By Adi Joseph, USA TODAY
When LeBron James is running deep routes and Dwyane Wade‘s throwing full-court chest passes, the rout is on.
The Miami Heat ran amok on the Indiana Pacers in a 115-83 win Tuesday involving egregious fouls and amazing passes and a hobbled star. That made three Game 5 blowouts in two days for the NBA playoffs, a trend started by the Boston Celtics in a 101-85 win Monday against the Philadelphia 76ers. The Oklahoma City Thunder closed out the Los Angeles Lakers with a 106-90 victory later that night.
The Celtics and Heat looked unbeatable in the second halves of their wins as they took 3-2 series leads. Boston trailed by three at the half, then racheted up the intensity on defense as the 76ers shot 37.1% from the field in the final two quarters. Miami’s second-half effort was even more dominant: The Heat shot 70.6% and held the Pacers to 29.8% from the field in a 66-43 half even with the game in hand for the entire fourth quarter.
The Celtics and Heat are road-bound, though. Boston is 29-10 (5-1 in the playoffs) at home but 17-21 (2-3) on the road this season. Miami’s 33-6 (5-1) at home but 20-17 (2-2) on the road.
Could homecourt spark the 76ers and Pacers? Neither team is as dominant at home as its opponent. Philadelphia (23-15 at home, 4-1 in the playoffs) can find hope in the fact that, since adding Kevin Garnett and Ray Allen, the Celtics are 10-12 in close-out games, where they had the chance to eliminate an opponent, according to ESPN Boston.
The Pacers (26-12 at home, 3-2 in the playoffs) will need to turn to their own resilience. Indiana was 8-4 this season coming off double-digit losses. But all that may be for naught if Danny Granger, Indiana’s top scorer and emotional leader, can’t play in Thursday’s Game 6 (9 p.m. ET, ESPN).
Being the home team always helps. Here’s a look at Tuesday’s NBA winners and losers:
Erik Spoelstra: The Heat coach completely dismantled adversary Frank Vogel, who was regarded as the better game manager entering the series. he switched his approach on pick-and-rolls, speeding things up and having his big men play more aggressively. there were choppy moments in the early going, including one play in which Ronny Turiaf appeared completely unaware James had passed to him, but it mostly worked. He’s also found a starting lineup that he likes after switching it up several times because of Chris Bosh’s injury.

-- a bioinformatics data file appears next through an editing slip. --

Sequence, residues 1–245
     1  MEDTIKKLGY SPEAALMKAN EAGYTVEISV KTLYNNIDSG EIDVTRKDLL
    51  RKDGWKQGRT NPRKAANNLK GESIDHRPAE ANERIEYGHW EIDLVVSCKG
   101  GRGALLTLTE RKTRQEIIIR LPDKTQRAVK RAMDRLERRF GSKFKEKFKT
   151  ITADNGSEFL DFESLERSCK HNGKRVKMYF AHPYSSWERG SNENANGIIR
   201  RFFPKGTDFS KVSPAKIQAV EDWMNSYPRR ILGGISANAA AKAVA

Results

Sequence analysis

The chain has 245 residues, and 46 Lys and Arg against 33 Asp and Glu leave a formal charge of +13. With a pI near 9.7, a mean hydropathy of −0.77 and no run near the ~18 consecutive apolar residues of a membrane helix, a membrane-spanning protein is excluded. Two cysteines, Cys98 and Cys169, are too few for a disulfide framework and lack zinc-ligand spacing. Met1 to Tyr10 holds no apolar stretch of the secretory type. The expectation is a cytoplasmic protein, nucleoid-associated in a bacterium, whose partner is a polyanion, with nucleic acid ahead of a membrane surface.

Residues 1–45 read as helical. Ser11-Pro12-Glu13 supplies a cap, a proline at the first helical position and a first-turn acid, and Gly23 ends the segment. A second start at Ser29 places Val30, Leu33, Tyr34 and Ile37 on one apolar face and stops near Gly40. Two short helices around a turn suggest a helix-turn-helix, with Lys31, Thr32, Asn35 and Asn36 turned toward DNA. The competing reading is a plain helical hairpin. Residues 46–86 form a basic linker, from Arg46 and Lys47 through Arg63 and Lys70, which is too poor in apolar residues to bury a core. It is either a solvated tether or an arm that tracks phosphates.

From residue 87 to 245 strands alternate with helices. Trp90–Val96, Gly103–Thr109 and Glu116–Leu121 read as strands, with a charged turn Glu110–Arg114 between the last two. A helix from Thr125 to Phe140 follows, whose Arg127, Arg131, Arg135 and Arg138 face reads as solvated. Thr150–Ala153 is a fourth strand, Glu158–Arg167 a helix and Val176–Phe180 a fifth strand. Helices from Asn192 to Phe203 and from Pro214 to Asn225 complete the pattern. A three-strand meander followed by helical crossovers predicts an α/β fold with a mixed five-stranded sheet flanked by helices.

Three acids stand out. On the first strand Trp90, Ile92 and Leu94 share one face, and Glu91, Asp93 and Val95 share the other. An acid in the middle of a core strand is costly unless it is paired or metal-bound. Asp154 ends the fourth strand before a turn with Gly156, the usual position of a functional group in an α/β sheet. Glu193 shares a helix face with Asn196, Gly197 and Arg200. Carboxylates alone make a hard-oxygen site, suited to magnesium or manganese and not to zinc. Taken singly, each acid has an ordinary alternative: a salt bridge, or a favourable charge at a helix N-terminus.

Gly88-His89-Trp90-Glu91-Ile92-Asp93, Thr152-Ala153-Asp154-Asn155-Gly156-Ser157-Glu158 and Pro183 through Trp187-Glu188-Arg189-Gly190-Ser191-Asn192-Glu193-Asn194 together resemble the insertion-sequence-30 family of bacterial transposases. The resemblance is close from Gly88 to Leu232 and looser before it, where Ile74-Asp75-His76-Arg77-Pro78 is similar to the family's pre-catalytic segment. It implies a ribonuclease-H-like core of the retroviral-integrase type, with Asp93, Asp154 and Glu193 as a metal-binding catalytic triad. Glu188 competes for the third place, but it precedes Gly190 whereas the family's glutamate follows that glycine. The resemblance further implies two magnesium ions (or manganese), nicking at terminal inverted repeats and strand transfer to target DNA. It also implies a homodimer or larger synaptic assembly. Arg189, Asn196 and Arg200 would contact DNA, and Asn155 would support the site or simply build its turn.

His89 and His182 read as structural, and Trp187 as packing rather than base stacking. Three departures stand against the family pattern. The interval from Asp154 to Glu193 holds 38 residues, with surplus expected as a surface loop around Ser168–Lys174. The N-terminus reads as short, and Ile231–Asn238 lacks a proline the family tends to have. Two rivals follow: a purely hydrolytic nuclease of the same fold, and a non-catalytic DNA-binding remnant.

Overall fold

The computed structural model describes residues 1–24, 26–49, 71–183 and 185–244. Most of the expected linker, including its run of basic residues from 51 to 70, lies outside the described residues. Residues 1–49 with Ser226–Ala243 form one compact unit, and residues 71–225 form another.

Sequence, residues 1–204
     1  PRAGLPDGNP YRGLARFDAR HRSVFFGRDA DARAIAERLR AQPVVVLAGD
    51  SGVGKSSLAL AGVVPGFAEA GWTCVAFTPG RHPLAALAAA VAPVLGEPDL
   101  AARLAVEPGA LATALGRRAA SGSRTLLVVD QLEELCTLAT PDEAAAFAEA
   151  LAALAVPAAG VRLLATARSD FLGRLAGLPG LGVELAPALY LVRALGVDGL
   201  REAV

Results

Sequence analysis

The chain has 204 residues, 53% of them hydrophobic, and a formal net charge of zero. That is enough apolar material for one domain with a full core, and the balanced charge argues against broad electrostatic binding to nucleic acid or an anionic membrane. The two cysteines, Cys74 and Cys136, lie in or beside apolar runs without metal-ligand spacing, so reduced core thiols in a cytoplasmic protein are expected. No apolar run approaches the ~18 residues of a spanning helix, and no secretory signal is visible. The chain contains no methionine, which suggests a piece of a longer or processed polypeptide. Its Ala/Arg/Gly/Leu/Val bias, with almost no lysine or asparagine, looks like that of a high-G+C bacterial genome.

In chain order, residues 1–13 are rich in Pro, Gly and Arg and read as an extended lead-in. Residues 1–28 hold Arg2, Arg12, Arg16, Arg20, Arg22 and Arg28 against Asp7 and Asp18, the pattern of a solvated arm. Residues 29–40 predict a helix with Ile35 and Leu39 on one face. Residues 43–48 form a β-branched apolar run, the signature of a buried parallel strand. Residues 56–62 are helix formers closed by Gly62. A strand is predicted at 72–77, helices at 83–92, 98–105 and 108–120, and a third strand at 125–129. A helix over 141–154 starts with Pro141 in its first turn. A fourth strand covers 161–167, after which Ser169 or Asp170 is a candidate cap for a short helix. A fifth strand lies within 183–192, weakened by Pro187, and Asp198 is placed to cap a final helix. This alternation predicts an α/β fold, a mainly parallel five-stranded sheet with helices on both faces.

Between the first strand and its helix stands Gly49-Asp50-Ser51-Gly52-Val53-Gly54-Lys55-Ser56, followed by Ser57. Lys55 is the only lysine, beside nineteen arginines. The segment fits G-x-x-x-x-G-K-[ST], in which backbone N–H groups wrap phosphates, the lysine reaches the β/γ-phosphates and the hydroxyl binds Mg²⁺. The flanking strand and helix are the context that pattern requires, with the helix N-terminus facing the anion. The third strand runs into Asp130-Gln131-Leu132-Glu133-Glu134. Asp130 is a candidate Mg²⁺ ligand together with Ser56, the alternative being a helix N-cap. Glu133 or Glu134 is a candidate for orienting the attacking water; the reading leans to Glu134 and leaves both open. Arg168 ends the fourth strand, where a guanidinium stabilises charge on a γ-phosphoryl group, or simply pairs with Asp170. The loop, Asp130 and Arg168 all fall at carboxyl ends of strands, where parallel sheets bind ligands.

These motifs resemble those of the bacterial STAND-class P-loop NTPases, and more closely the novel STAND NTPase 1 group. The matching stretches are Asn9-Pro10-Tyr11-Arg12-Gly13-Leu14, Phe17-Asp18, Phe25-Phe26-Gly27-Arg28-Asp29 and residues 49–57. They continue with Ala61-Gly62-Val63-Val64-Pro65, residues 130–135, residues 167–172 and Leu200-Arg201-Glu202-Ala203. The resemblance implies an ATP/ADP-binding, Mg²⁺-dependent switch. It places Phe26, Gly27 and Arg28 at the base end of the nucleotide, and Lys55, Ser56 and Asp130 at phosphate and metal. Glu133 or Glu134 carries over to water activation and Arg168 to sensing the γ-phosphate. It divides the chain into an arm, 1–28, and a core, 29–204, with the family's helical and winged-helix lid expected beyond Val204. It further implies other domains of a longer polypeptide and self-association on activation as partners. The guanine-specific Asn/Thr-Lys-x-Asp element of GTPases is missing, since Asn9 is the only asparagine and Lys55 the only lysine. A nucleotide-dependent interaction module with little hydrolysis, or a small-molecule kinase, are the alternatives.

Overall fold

James and Wade: They’re regulars on this list, sure, but have they had a more efficient postseason game together? they shot 22-for-36, totaling 58 points, 13 rebounds and 10 assists. and they were perfectly in sync with each other and teammates. Wade’s acrobatics on a few and-one chances were particularly impressive, even if his 7-for-13 performance from the line left a lot to be desired.
Shane Battier: he made three-pointers to start each half and finished with four threes and 13 points. Battier, starting at power forward, had been pretty terrible throughout the playoffs, averaging 4.2 points a game and shooting 24.4% from the field and 26.5% on threes. But he was a star in his move to power forward for this game, locking down David West and finding himself open to hit key shots while the game was still close.
Roy Hibbert’s height: The Pacers can take solace in one fact: their 7-2 center remains the tallest player in the series, and he finished with 12 rebounds. he also hit a three-pointer for the first time in two years. being tall had to help. Maybe.
Ronny Turiaf’s celebrations: We’re so happy he’s in the Heat starting lineup to give us moments of unbridled ecstasy like this.
Flagrant fouls: Udonis Haslem and Tyler Hansbrough’s grudge goes way back … to Game 4. Each was called for a flagrant 1 foul, meaning neither was ejected. we expect the league to investigate Haslem’s call and possibly hit him with a one-game suspension. But with the game well in hand, Heat forward Dexter Pittman outdid his teammate with a brutal elbow to the face of the Pacers’ Lance Stephenson. Stephenson had been in the news for a choke gesture directed at James. Surely that wasn’t related to Pittman’s hit. Read more on the flagrants here.
Danny Granger: How’s this for a Tuesday: James said his antics were stupid, then he twisted his ankle, limped off, tried to return in the second half and limped off again. before the injury, Granger had been the Pacers’ best player, shooting 3-for-4 on three-pointers and finishing with 10 points.
The Pacers’ offense: You can’t win when you’re blowing shots like this. The team finished 30-for-89 from the field and 6-for-21 on threes. The defense wasn’t much better, but it at least had one good quarter, the second.
Mike Miller’s shoe: even Spoelstra seemed stunned when Miller couldn’t get his sneaker on, then threw it to the sideline and tried to play without it.
Mike Brown’s self-image: Metta World Peace threw a jab at the Los Angeles Lakers coach’s waistline, even as he was complimenting his coaching.